3. We are stuck with this policy and I just wasted 10 minutes of my time asking about changing.
I thanked him for his time and hung up.
The wheels in my head were turning and I was starting to get pissed off. I mean, what the heck is wrong with insurance in this country if the people who really need it (sick, poor) can't get it because it's either too expensive or because said insurance will not cover the medical condition that they so badly need coverage for? We pay just shy of $300/month for this insurance only to find out just how limited it is. I sometimes wonder why we even bother to pay for it at all except that I wouldn't want to be stuck with a $27K tab. It just bites (in lack of a stronger word to keep this blog at it's "G" rated status) that only the healthy can get good, affordable insurance these days. Yes, it's nice to have so that you don't have to pay for well-child visits and just in case something horrific happens but, when something does happen and heaven forbid, you need some special services, good luck! Hope you have a nest egg hidden under the mattress for such things.
Some would say to me that we should have sprung for a better, more inclusive health care package but, give me a break, who actually sits down, when selecting insurance, and says, "Gee, let's see how the coverage would be if Johnny needs brain surgery or Sally gets cancer." Nobody is that morbid. You get a plan that you can afford that covers the basics and you think life is good. Then your literature for said plan arrives, and you might read the little chart that explains the percentages of coverage and such, but you push it to the back of your mind--you're not going to need to know how much your plan is going to play for orthopedics because you're never going to need it, right? I don't want to go through life thinking about the worse case scencerio every time I purchase something, that's too exhausting.
Since I have discovered our fate due to poor insurance coverage, I've had to try to find funding from other sources, unless, we went to declare bankruptcy next year, which I'd rather avoid. I have a meeting with the financial counseling department at Children's Hospital on the same day that Cara goes in for her PT evaluation. In the meantime, I have to round up 90 days worth of pay stubs, bills and such so that our counselor can determine if we qualify. I have also contacted the county health & human services department to see if the state has any programs that might off-set our medical expenses. Short of having a fund raiser or setting up an account at a bank for donations, which will probably never happen, I'm fresh out of ideas. Of course, there's always payment arrangements, problem is, you have to have money to make those payments and things are already quite tight around the waist right now.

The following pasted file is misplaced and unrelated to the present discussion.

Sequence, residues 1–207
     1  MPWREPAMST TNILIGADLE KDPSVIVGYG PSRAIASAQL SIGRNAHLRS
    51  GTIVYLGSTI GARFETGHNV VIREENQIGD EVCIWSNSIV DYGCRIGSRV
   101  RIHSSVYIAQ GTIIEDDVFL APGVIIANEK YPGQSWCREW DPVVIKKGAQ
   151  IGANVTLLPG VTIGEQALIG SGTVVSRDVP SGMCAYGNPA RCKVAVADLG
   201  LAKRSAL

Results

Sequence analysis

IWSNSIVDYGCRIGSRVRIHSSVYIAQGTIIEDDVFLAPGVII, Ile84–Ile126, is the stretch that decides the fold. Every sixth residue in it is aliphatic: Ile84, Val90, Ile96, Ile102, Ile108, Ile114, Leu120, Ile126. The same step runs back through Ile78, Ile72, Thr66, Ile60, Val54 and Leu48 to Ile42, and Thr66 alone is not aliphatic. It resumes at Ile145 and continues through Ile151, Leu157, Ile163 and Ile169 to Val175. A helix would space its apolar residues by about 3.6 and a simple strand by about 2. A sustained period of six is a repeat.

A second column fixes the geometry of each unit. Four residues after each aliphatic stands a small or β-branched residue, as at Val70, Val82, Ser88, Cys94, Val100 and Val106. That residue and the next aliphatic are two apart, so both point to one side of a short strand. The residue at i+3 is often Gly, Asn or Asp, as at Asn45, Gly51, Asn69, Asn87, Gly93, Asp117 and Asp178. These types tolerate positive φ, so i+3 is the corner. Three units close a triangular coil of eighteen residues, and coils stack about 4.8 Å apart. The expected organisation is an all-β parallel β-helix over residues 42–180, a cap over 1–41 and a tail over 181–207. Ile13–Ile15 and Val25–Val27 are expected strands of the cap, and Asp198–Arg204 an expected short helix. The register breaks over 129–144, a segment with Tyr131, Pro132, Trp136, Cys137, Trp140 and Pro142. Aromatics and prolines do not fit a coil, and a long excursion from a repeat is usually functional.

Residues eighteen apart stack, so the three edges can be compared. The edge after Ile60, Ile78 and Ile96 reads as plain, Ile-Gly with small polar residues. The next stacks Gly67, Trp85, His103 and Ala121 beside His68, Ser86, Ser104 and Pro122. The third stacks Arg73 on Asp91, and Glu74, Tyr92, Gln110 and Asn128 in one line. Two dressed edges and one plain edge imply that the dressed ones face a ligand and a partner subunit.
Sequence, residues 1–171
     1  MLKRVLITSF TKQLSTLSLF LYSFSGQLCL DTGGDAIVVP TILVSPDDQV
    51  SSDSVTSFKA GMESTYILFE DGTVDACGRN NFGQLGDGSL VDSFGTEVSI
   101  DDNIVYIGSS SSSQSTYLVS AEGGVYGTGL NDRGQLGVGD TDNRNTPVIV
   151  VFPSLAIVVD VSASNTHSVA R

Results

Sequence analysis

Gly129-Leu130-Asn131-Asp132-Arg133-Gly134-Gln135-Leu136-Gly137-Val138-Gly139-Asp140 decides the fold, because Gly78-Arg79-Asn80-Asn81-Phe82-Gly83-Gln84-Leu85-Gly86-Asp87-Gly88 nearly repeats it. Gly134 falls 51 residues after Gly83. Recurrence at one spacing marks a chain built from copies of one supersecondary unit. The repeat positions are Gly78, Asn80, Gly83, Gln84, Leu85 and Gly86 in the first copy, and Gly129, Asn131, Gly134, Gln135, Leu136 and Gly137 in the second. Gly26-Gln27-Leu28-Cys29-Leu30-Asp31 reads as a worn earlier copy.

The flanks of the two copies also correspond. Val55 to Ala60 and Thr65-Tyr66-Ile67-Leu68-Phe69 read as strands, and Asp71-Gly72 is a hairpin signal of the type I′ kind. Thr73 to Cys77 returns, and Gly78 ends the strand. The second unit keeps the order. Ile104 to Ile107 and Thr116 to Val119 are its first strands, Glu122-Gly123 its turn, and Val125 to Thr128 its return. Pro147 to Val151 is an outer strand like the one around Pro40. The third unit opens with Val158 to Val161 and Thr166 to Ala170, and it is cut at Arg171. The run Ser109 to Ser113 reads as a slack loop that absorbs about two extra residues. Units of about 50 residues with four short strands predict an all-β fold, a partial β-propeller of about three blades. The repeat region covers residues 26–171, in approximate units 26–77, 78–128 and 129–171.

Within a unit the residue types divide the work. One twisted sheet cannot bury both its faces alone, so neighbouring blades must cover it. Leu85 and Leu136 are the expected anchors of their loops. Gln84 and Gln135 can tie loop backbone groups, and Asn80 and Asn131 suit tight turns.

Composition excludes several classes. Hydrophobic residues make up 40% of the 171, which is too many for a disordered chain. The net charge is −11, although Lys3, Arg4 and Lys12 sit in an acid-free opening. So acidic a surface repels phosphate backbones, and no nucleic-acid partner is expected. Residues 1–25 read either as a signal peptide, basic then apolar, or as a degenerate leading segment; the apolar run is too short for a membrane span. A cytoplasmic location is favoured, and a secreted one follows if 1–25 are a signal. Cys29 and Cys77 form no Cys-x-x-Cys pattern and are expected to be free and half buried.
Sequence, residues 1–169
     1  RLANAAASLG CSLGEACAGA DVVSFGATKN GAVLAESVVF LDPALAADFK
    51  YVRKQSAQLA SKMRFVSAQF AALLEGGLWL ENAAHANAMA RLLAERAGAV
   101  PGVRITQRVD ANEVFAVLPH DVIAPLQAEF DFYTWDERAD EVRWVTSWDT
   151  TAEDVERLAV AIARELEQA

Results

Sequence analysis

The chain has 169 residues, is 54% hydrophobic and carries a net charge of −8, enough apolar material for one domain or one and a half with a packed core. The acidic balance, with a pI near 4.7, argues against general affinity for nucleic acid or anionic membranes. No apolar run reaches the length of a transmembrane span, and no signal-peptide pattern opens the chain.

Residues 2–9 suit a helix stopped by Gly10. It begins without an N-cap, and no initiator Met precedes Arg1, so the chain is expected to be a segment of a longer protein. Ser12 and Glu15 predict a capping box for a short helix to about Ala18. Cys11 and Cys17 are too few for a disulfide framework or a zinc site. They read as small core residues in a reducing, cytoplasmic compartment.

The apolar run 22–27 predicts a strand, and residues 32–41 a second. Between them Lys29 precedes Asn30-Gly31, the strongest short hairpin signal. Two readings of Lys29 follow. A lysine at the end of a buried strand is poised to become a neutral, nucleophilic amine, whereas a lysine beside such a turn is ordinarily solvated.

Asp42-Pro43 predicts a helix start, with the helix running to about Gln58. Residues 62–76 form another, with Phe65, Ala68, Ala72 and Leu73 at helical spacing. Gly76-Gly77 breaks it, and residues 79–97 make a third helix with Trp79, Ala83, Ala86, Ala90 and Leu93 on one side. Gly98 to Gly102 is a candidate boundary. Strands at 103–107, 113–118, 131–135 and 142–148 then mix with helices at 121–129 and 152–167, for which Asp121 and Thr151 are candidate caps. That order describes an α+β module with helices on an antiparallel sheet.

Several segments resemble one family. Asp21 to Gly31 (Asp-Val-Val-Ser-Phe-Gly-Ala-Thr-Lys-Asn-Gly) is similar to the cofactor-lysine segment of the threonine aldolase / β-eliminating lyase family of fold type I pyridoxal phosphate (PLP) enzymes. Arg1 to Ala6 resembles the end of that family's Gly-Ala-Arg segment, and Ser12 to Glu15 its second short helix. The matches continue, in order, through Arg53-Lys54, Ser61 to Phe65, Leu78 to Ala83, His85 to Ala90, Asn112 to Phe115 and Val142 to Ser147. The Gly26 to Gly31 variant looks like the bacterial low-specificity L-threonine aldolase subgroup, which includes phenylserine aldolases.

If we had nationalized health care like some other countries, while I may have to wait to receive some services, they would be free. Cara would get the treatments that she needs without us having to worry about affording them. What a wonderful thing that would be! Imagine that, everyone getting the care & services they desperately needed without having to be the next Bill Gates or Donald Trump. We claim to be a land of freedom, equality and opportunity and yet, there's an alarming number of people who an either uninsured or, in our case, under-insured. What's being done to help...not much at all. Some states are better at helping their indigent than others. Colorado just happens to be a pretty lean state in terms of social service programs. Just great!
My point...you just might hear that we've jumped ship and moved to Aussie-land. Move over, Sarah, we're moving in!
**OMGosh, this just might be the longest post I've ever written so, bless your hearts if you take the time to read it!**